The present authors hypothesized that the “pathobiosis path” begins from a specific reactivity of lactobacillus species which, following pathogen damage, leads to a clinical phenomenon known as “doderlein cytolysis”: this cytolisis represents the first reaction of the system able to reset the vaginal natural eubiosis. If otherwise the “dysbiosis” goes on, we assist to a progressive substitution of L. crispatus with other lactobacilli, such as L. Jenseni and/or L.gasseri.

Clinically, we observe an increase of vaginal pH and candida species transform themselves from sporigen forms to indirect fluorescence antibody (IFA). This could represent a new defensive strategy of the vaginal ecosystem able to counteract the aggression of other pathogens from other ecosystems: at this stage women are affected by “acute symptomatology”. If these “defence mechanisms” are not able to restore vaginal eubiosis, lactobacilli progressively disappear leaving only the last lactobacilli barrier population, lactobacillus iners, which is able to adapt itself to unfavourable pH conditions: we clinically assist a pathology known as “bacterial vaginosis”. Lactobacillus iners is capable of surviving metronidazole treatment and to counteract the aggression of other bacteria species. When lactobacillus iners (the last lactobacilli defence system) disappears we observe a vaginal microbiome with an exponential increase of other bacteria and virus with the typical clinical manifestations of vaginal pathology. Concluding, a modified microbioma could be responsible for anomalies in the gene code allowing for different and serious illnesses, including cancer [8-10].

Microbiome manipulation and restoration can be performed by using bacterial supplements, probiotics, prebiotics and/or symbiotics, diet or antibiotic treatment [8-10]. Gene decoding and metagenomic in eubiosis and in dysbiosis reveals the association between a serious dysbiosis in the microbiome and appearance of different cancers [8-10]. In these cases we assist in specific alterations in the mucous barrier (the so-called “leaky-gut” for the intestinal system and “leaky-vag” for the vaginal system) in which different bacterial species could survive [11-12].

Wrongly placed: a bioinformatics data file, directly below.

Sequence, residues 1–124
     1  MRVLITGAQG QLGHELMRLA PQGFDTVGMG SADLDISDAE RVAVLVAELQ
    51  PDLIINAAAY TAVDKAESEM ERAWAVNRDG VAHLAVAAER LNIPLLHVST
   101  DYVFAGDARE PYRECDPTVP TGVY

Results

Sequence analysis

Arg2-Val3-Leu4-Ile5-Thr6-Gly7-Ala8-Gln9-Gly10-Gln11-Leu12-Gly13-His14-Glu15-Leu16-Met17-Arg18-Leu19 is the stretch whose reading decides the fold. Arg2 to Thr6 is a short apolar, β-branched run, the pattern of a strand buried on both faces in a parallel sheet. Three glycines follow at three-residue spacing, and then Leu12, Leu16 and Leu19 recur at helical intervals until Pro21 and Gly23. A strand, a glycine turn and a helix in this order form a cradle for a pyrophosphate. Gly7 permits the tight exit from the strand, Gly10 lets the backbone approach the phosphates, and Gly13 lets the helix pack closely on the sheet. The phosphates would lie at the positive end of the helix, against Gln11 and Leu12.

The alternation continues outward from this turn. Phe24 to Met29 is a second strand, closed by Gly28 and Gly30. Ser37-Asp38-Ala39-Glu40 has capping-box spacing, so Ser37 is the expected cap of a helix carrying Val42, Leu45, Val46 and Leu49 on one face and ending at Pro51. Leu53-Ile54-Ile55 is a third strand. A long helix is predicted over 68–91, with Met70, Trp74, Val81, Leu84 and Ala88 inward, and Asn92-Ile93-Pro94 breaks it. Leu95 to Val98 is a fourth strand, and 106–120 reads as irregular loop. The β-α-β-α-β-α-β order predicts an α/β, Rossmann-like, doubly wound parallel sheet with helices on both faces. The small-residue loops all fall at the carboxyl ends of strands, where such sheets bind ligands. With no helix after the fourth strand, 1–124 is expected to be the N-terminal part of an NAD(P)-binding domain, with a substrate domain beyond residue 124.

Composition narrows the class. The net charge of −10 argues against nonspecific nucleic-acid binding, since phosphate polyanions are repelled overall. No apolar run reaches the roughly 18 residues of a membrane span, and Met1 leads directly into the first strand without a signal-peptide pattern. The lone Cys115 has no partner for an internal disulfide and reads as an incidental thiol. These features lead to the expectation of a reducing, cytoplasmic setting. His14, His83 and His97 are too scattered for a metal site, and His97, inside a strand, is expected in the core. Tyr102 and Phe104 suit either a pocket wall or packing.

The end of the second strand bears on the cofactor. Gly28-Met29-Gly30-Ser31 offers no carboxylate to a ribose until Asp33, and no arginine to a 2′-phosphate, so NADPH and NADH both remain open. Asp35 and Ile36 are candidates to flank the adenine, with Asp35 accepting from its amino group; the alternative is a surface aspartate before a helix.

HPV infection has been recognized as the main cause of cervical cancer in women [13-23]. In recent years the hypothesis of “pathobiosis path” has become more and more evident in HPV-related pathologies and also in pre-cancerous lesions related to an increase in vaginal pH [11-14].

In the present clinical Department of Gynaecological, Obstetric and Urologic Sciences of “La Sapienza”, Rome University, the authors have analyzed how a vaginal microbiome modulation by a specific vaginal symbiotic administration (lactobacillus rhamnosus BMX 54 plus lactose vaginal tabs) could be able to stop the progression of vaginal dysbiosis and restore healthy vaginal eubiosis [1].

The results of this study have been analyzed in order to clinically confirm the “pathobiosis path” through the manipulation of the vaginal microbiome by long-term treatment with a vaginal symbiotic (normogin: lactobacillus rhamnosus BMX 54 plus lactose) in women with dysbiosis and HPV infection. The initial hypothesis was to verify if vaginal microbiome manipulation was, per se, able to modulate and control viral infection through vaginal eubiosis re-establishment [1].

The present authors analyzed and reviewed the collected data belonging to their previous published article performed on a total of 117 women affected by vaginitis or bacterial vaginosis with concomitant HPV infection referring to their Department between February 2015 and March 2016. The women were divided in two different arms: arm 1 standard of care (metronidazole 500 mg twice a day for 7 days or fluconazole 150 mg orally once a day for 2 days) plus short-term (three months) symbiotic (lactobacillus rhamnosus BMX 54 plus lactose) vaginal application (60 women) versus arm 2 standard of care plus long-term (9 months) of the same symbiotic treatment (57 women) [1]. A median follow-up of 14 (ranged 9-30) months indicated that the women in arm 2 (long-term lactobacilli treatment) demonstrated a double probability (79.4% vs. 37.5%, p < 0.041) to solve HPV-related cytological anomalies when compared to arm 1 (short-term Lactobacilli treatment). (Figure 1). At the same time, arm 2 women demonstrated a statistically significant (p < 0.044) probability to present a negative HPV-DNA test when compared to arm 1 (31.2% vs. 11.6%) (Figure 2) [1]. Results from the vaginal bacterioscopy, Amsel Criteria, vaginal PAP-test, and HPV-DNA test obtained in the group of women undergoing long-term vaginal treatment with lactobacillus rhamnosus BMX 54 plus lactose seem to uphold the hypothesis of vaginal pathobiosis path and the option to restore vaginal ecosystem eubiosis by topical long-term application of this symbiotic which seems to confirm this hypothesis [1].